The view today, looking towards the church. 

Lost grounds
Nun's Burial-ground 

Houses west side of St. James’s Walk cover the site

Corporation Row Burial-pit 
The dwellings mentioned by Holmes are gone - North of Corporation Row is now open ground used as a children's adventure playground called the Three Corners Play and Youth project. 

(Replaced by) Artisans' dwellings on north side. (Holmes)

Priory Cemetery   
St.  John's Square, &c. cover the site.

St. James's Additional Ground, Ray Street 
Lost to Farringdon Rd and the Metropolitan Railway on the construction of the railway. 

It formerly was occupied by a butcher, named Rope, who had his slaughter house and stable at the back, and immediately adjoining the burial ground. About fifteen years ago, during the residence of this man, it was discovered that several bodies had been exhumed and placed in the stable, close to the slaughter-house; the inhabitants of the vicinity were powerfully excited, and the man, who had for many years carried on an extensive business, was deservedly ruined, and driven in disgrace from the neighbourhood.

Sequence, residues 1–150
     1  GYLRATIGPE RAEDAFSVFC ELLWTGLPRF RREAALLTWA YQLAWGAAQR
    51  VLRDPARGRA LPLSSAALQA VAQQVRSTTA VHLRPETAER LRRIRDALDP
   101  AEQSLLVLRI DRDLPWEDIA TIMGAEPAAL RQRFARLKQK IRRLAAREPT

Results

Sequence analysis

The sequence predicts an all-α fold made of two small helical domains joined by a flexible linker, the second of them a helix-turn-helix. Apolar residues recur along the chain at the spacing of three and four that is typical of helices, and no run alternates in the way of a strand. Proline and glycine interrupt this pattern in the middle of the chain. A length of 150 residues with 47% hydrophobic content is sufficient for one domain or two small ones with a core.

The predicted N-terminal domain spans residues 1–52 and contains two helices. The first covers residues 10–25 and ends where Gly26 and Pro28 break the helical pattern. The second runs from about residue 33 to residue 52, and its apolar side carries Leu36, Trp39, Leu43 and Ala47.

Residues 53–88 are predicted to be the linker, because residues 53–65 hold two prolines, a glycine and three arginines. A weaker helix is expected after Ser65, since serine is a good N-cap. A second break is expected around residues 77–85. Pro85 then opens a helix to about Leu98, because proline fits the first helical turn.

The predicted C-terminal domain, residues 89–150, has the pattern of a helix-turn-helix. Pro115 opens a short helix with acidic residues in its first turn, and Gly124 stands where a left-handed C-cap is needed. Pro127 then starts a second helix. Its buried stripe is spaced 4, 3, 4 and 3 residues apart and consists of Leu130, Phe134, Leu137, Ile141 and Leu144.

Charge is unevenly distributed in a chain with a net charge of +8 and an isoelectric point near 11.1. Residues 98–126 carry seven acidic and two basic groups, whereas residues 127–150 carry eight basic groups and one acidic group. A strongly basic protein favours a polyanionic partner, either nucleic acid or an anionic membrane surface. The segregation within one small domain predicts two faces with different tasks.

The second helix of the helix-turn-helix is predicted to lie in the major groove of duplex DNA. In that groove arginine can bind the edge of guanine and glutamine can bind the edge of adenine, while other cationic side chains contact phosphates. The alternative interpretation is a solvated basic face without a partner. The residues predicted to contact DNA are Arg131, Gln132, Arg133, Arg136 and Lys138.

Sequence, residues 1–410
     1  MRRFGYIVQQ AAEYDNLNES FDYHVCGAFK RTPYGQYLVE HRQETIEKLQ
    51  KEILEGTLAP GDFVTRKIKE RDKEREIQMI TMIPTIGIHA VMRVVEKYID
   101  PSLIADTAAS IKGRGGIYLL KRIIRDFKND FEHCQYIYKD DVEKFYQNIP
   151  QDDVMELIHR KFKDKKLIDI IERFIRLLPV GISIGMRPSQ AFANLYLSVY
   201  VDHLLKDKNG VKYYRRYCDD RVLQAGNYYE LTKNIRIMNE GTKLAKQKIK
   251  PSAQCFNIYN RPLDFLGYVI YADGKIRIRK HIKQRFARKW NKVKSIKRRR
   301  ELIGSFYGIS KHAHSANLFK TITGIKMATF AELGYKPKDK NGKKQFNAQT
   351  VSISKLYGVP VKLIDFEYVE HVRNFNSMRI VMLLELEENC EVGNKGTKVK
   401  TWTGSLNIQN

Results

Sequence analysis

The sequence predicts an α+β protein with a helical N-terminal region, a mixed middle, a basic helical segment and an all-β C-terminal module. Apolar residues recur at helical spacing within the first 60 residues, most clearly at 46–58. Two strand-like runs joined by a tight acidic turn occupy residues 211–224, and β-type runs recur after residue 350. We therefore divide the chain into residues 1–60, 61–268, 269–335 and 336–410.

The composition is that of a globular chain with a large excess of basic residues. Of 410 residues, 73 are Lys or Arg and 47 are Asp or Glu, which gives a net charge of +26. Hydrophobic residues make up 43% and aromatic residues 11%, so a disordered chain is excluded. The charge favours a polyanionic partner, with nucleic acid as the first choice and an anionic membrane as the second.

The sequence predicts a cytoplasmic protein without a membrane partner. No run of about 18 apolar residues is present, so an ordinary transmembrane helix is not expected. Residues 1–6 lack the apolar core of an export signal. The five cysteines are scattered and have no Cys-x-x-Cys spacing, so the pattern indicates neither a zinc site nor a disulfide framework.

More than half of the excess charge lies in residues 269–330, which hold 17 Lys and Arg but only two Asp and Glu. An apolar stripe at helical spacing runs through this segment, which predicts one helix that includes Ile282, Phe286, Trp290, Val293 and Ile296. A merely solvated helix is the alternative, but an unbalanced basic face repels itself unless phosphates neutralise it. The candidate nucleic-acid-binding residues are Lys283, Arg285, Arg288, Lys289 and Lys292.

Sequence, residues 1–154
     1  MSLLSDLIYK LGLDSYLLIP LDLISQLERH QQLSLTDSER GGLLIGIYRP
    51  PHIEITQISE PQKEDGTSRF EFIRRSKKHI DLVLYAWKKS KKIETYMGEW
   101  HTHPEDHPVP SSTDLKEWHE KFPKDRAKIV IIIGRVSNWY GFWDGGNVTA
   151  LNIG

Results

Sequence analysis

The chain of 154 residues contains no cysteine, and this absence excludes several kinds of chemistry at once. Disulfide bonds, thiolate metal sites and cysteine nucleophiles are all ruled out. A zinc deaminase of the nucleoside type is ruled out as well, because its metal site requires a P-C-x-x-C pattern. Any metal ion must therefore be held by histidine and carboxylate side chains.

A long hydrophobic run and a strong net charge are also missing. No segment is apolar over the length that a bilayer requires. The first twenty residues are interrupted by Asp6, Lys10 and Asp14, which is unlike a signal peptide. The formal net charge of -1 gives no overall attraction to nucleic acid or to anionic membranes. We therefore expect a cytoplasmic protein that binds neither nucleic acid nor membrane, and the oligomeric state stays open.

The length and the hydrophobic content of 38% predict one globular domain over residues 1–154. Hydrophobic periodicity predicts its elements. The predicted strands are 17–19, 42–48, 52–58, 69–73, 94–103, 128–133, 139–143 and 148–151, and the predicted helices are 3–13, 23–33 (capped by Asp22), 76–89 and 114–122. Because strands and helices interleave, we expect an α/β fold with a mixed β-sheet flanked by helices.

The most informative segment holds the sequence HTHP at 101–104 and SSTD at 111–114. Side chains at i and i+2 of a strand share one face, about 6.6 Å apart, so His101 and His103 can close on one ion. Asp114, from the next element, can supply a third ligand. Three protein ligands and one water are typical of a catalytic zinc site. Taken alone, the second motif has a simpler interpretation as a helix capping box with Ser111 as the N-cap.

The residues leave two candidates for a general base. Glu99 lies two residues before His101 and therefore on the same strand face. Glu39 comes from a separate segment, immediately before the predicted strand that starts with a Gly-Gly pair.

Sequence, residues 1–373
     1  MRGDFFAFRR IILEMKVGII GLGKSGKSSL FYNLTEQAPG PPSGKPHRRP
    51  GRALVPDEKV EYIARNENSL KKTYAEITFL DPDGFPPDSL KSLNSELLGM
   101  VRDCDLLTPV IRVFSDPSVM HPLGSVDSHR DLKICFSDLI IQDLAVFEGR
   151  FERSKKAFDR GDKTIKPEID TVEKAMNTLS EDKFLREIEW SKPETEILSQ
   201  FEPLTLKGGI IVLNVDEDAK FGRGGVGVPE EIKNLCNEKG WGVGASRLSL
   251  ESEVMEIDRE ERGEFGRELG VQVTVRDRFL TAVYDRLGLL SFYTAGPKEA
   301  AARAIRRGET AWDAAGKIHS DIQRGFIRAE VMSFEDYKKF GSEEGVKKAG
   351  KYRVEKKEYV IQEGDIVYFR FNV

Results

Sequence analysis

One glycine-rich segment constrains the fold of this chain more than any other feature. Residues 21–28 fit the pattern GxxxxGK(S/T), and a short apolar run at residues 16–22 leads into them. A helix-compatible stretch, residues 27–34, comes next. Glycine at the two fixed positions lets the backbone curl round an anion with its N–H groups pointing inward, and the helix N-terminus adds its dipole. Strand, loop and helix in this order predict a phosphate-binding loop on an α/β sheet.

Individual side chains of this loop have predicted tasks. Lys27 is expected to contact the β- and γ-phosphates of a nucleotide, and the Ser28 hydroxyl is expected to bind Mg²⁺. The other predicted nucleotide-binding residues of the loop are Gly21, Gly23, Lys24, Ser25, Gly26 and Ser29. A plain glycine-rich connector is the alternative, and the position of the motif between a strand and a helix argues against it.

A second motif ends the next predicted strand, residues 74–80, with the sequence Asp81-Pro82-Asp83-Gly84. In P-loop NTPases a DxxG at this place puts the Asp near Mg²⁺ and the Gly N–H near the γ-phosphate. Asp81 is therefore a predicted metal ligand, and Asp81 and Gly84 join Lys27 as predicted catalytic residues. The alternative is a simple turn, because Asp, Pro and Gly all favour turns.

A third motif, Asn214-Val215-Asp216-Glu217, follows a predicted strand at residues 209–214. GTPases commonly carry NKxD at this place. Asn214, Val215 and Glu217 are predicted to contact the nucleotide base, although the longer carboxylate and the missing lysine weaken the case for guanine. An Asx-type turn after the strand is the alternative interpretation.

(Walker 1839)


Possible vault - St Mark's, Myddleton Square (Built 1825-27)
Click here for a note on church and vault burials.